Aaron's rod brings forth blossoms and fruit in the tabernacle, and is ordered by God to be kept for a token against the rebels.
Before Christ 1471.
Numbers 17:2. Take of every one of them a rod— The minds of a considerable number of the people having been poisoned by the insinuations of Korah and his accomplices, against Aaron and his family upon the account of the priesthood, God is pleased to add another signal miracle, in confirmation of his priest's authority; accordingly, the head of each tribe is ordered to take a rod, and bring it before the Lord. Some have supposed that these were the ordinary rods, or batoons, which the princes of the tribes bore: while, from the 8th verse of this chapter, others infer that these were twigs, or branches, from one and the same almond tree: whichever was the case, the miracle was sufficiently great to demonstrate the extraordinary interposition of Providence.
Numbers 17:4. Where I will meet with you— Ubi ego vobis praesens adesse soleo, where I am accustomed to meet with you. Horeb.
Numbers 17:8. Was budded, and brought forth buds, &c.— i.e. as Bishop Patrick ingeniously observes, in some places there was an appearance of buds coming forth: in some, those buds were fully thrust out; in others, they were opened into blossoms; in other parts, knotted and grown into almonds; and all this in the space of one night: a miracle so great and convincing, that we find it had its effect, the authority of Aaron's priesthood never being afterwards (that we hear of) called in question. Grotius has a curious remark here respecting the propriety of producing almonds, in preference to any other fruit. It was intended, says he, to signify the vigilance immediately requisite in the high priest; for the word שׁקד sheked, signifies both that fruit, and this virtue: fructum illum, et hanc virtutem. The almond-tree is so called in the Hebrew, says Parkhurst, because it first of the trees waketh, and riseth from its winter repose: it flowers in the month of January, and by March brings its fruit to maturity; that is, in the warm southern countries. The forwardness of this fruit-bearing tree is intimated to us by the vision of Jeremiah, ch. Numbers 1:11-12 and also Pliny's Nat. Hist. lib. 16: cap. 25. It would be endless to recount here the fabulous stories respecting the rod of Aaron: those who are inclined to inquiries of this sort, may find their curiosity gratified by referring to Parkhurst and Saurin's 61st Dissertation.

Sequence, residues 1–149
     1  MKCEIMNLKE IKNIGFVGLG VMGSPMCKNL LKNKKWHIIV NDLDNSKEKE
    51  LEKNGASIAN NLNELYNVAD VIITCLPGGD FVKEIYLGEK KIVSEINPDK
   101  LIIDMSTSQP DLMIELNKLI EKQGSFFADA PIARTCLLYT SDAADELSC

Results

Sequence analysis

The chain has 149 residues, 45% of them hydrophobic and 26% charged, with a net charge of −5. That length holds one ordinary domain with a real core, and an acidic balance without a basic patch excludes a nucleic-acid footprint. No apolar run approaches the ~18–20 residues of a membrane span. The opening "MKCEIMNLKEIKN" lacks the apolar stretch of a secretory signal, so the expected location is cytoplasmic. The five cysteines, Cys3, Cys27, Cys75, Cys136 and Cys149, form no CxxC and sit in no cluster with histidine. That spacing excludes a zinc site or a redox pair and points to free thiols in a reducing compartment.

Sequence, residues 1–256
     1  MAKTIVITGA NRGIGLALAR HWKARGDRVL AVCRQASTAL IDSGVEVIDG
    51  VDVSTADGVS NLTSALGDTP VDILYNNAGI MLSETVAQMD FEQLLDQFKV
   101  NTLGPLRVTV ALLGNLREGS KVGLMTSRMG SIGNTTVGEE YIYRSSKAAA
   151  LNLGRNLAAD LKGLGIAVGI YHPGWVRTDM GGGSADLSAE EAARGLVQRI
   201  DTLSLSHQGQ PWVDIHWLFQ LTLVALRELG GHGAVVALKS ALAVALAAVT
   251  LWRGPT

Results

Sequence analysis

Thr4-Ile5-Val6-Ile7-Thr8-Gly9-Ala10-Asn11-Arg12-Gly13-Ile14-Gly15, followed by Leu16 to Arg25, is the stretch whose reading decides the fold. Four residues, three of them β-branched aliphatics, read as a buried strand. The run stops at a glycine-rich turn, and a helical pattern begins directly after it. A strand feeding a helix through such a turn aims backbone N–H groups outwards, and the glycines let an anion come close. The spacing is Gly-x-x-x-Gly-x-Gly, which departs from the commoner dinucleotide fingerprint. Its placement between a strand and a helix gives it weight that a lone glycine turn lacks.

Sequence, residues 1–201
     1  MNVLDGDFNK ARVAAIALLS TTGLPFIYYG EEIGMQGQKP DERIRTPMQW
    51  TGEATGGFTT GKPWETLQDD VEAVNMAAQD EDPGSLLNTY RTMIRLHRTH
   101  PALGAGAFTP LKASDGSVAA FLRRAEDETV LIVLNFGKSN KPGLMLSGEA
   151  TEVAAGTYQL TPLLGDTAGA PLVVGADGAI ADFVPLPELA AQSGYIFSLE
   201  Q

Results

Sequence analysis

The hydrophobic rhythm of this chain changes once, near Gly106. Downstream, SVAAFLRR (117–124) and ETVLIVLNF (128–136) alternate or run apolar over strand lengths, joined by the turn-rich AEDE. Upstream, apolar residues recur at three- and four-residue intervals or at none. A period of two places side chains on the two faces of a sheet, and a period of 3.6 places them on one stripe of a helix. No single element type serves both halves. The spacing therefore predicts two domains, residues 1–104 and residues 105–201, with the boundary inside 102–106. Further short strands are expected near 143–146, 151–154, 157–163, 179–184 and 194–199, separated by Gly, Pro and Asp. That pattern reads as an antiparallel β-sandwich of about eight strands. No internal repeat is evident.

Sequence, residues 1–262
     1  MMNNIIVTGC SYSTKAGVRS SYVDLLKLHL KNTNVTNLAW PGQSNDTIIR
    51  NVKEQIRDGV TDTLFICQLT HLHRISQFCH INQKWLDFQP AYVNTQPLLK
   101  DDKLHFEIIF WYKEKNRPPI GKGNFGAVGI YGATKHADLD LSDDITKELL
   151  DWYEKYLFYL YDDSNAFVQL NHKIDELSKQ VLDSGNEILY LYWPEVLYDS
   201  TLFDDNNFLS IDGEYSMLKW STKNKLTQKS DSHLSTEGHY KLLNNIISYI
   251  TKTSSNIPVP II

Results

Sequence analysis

Numbers 17:13. Whosoever cometh—near unto the tabernacle—shall die— i.e. "We are now convinced, and firmly believe, that whosoever cometh near to the tabernacle, to officiate as a priest, without the divine appointment, shall certainly be struck dead by the hand of God." Nothing can more strongly paint the consternation of the people, than the words in this and the preceding verse: they are always in extremes, either daring and presumptuous, or abject and full of despair; now they seem to have such a slavish fear of God upon their spirits, from the late severe visitation, that they speak of it as extremely dangerous to engage at all in sacred duties, left, by committing one error against the instituted forms of religion, they should suffer death, as their brethren had done: to obviate which cavil, the following declaration seems intended, ch. Numbers 18:1.
REFLECTIONS.—The rods are produced, and a new miracle confirms God's appointment of Aaron.